Sat, 27 Sep 2003

Probe into alleged STPDN drug cases begins

The Jakarta Post, Jakarta

Police have begun investigating drug-related incidents allegedly involving several senior students of the Public Administration Institute (STPDN) in Sumedang, West Java, delivering a second blow to the school run by the Ministry of Home Affairs.

The institute recently made headlines when the death of a student, Wahyu Hidayat, exposed the culture of violent hazing at the school. Public outrage at the abuse was further fueled when private station SCTV aired video footage of student beatings during initiation in June, which prompted calls for the school's closure.

Sumedang Police chief Adj. Sr. Comr. Yoyok Subagiono said the police would bring to light all drug cases and unravel the institute's drug ring.

"We will solve all drug cases implicating STPDN students, as well as any other criminal cases at the school," Yoyok was quoted by Antara as saying.

Yoyok said the alleged drug abuse that went on at the school indicated the institute's administrators had failed to exercise any control or supervision over its students.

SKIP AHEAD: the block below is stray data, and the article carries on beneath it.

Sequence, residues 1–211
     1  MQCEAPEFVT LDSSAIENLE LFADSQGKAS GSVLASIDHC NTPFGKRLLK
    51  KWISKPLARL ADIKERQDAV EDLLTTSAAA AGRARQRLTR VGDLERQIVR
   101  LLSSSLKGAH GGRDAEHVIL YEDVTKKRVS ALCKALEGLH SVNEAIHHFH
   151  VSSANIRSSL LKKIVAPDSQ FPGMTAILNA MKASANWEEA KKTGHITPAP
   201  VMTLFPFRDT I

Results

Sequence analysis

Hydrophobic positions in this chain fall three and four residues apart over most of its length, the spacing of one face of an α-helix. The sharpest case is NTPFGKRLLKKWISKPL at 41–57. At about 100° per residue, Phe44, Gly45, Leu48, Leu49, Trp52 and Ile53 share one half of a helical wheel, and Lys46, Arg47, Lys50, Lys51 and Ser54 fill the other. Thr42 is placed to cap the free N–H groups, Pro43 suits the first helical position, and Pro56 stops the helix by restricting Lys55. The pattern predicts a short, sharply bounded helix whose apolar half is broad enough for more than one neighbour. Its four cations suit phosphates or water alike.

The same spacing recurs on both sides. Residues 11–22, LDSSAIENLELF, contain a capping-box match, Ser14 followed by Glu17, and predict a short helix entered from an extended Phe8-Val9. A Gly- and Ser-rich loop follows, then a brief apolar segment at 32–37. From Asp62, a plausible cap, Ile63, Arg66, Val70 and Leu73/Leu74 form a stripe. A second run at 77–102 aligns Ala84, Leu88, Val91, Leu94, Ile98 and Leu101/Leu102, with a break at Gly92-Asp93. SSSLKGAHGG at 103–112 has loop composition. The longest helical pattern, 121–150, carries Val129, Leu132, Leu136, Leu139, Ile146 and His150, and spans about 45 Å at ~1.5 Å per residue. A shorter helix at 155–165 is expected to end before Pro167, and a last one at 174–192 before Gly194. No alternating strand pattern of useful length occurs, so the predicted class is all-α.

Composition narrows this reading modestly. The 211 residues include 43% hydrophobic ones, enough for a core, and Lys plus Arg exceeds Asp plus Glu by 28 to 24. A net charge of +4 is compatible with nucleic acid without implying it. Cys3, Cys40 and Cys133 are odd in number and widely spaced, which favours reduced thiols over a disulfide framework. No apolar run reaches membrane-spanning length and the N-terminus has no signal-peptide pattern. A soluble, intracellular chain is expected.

Nina Karlina, the mother of STPDN student Nunu Karsa Nugraha, 19, said her son was constantly harassed, bullied and beaten by his seniors after he caught them taking drugs in a student dormitory.

Nunu eventually withdrew from the institute because of the bullying, she said.

STPDN lecturer Inu Kencana Syafi'i -- who has been accused of leaking the violent footage to private television SCTV -- had reported that drugs were being dealt at the institute, which is reputed for its military-style discipline.

Inu said he believed that school officials knew about the drug dealing, and had questioned at least 11 students in connection with drugs. The eleven students told STPDN authorities that they had gotten the drugs from Dadang and Bone from outside the school, he said.

Reports on the cases had been filed with the school's senate, but the guilty students were spared any disciplinary measures and remained free to attend classes, Inu said.

The outspoken lecturer has received anonymous death threats, and is currently under police protection.

Separately, Minister of Home Affairs Hari Sabarno denied on Friday that his ministry had filed a legal complaint against SCTV for broadcasting the footage.

"It is not a complaint or reprimand. What is true is that we have filed a report with the Indonesian Press Council to remind the media that it should embrace a code of ethics and a proper standard of journalism when broadcasting news," he told journalists in Jakarta.

Hari said his ministry only wanted a balanced coverage of the STPDN issue. "We don't want the press to overexaggerate the bad things that have happened at STPDN," he said.

Still, the minister accused SCTV of exploiting the footage with repeated broadcasts to boost its ratings.

"It ran the video over and over. For what reason?" he said.